Challah - Fresh, soft friday ritual

Feast is the genius behind lots of wonderful dinner parties, wine tastings, farm and vineyard excursions, intimate weddings, region and product inspired tasting dinners, and all sorts of other celebrations that require passionate food.


Article by | photos by and published | august ‘09

In the early-morning at Pike Place Market, Dominica, John, Pam and Yung sort and arrange the peaches, tomatoes, radishes, raspberries, oranges and melons into row after row of dazzlingly uniform fruit. Some days they save me the rejects.

This morning John came to the kitchen door with a cardboard box full of bruised tomatoes—big beautiful Green Zebra, Lemon Plum and deep Brandywine red fruits that they can’t sell because of the very bruises that herald the height of their flavor.

"Beth, honey, I brought you a case of #2 heirloom tomatoes."

He was out of breath and there was a slight huffing in his faded-Brooklyn accent. John is no young man and Matt’s, where I was cooking at the time, is on the third floor. The fact that he had carried the tomatoes up himself meant that he cared a lot about those tomatoes, or me, or both.

I put down my whisk and went to examine John’s gift. The aroma made me smile. There were a few dark bruises, and soft spots, but these tomatoes smelled wonderful, tangy and salty and tart like mint and lemon and smoke.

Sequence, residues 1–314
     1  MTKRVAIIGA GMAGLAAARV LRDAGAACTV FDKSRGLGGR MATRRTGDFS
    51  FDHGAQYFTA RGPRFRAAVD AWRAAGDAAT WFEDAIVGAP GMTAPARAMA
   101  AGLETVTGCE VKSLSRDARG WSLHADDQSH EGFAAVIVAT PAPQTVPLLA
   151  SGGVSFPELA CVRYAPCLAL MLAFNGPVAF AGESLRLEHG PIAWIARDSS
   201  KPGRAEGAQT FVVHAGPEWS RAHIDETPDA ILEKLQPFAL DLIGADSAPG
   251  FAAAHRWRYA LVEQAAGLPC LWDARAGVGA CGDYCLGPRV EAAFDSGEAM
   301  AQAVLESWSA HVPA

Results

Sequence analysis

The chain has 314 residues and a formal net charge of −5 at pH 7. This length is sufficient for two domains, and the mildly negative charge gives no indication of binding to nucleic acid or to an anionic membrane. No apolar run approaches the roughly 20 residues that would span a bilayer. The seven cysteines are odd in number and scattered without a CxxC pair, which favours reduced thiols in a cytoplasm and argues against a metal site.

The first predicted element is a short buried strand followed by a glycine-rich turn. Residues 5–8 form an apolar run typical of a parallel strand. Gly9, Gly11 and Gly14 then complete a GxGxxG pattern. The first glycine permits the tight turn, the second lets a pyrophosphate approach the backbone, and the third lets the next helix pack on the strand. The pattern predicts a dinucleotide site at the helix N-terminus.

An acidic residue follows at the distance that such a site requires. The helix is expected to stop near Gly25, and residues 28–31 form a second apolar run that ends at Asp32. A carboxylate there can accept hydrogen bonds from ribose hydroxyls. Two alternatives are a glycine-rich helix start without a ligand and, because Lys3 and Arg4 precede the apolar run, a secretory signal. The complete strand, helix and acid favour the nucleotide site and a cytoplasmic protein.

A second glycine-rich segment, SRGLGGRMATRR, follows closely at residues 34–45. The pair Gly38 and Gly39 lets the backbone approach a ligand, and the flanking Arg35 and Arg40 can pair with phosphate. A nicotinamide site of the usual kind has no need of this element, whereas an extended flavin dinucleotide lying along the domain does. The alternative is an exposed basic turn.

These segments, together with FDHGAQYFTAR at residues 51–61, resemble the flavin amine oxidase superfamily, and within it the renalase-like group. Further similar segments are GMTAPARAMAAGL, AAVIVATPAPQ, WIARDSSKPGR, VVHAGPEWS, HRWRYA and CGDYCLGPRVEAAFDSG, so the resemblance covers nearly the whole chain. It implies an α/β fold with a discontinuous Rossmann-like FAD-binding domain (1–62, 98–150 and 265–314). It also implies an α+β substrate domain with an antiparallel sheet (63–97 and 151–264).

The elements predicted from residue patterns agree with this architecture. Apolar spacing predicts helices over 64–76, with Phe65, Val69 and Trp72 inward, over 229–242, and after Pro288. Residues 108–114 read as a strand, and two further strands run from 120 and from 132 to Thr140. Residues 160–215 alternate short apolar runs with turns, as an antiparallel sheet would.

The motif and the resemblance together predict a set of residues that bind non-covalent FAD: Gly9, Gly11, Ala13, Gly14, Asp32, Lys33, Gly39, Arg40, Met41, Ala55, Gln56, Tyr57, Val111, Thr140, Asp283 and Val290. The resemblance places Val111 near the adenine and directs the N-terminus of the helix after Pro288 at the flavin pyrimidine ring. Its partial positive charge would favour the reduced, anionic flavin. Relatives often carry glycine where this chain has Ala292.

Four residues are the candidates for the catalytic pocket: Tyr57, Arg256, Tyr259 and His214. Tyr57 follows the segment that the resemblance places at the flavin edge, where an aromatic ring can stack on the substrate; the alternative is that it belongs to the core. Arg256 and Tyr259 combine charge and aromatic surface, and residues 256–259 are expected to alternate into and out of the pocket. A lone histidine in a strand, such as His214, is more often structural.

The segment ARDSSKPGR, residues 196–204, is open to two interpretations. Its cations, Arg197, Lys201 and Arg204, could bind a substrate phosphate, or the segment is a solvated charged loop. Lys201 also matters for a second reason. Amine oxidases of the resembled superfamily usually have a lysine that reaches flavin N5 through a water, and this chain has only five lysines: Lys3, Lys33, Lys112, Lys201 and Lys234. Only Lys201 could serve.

"I’ll roast them for soup. They’re perfect! Perfectly imperfect!"

"See-I remembered you wanted them. Bring me some later, eh?" A wink, and he was gone.

challah close up

#2 Heirloom Tomato Soup

  • Very ripe tomatoes, any and all types
  • Kosher Salt
  • Fragrant Olive Oil
  • Basil
  • Sherry Vinegar
  • And a quick 25 minutes

Whether from your greengrocer, garden or the amazingly half priced bin at your farmers market (ask if you don't see it!) make sure to use fruit so ripe that it has begun to soften or has few dark spots. Although you should cut them out, their presence means that you are using the fruit at the very peak of its ripeness.

Preheat your oven to 425-450.

Cut your tomatoes into quarters, or smaller if you are working with very large fruit, and place them cut side up on a sheet pan. Coat liberally with olive oil and kosher salt on the flesh side of the fruit and then turn them over so that the skin is facing up. Oil and salt the skin side.

Roast for 15-20 minutes or until the tomatoes are wilted and releasing clear liquids in the pan. Roasting the tomatoes skin side up makes it easy to peal the skins off after you take them out of the oven if you prefer. Personally, I love the skins, for their texture and deep flavors. Depending on your preference and equipment, you can either remove the skins after you take the fruit from the oven, or leave them on and incorporate them into the soup.

Blend the roasted tomatoes until smooth. I like to use an emersion blender because you don't have to wait for the fruit to cool. A regular blender or food-processor works fine, but be sure to cover the lid and base with a cloth if your tomatoes are still hot.

Taste the soup. It almost always needs more salt and a dash of sherry vinegar to balance the flavors. Serve warm or cold, with a chiffonade of basil and a bubbling cheese-topped Crostini on the side.

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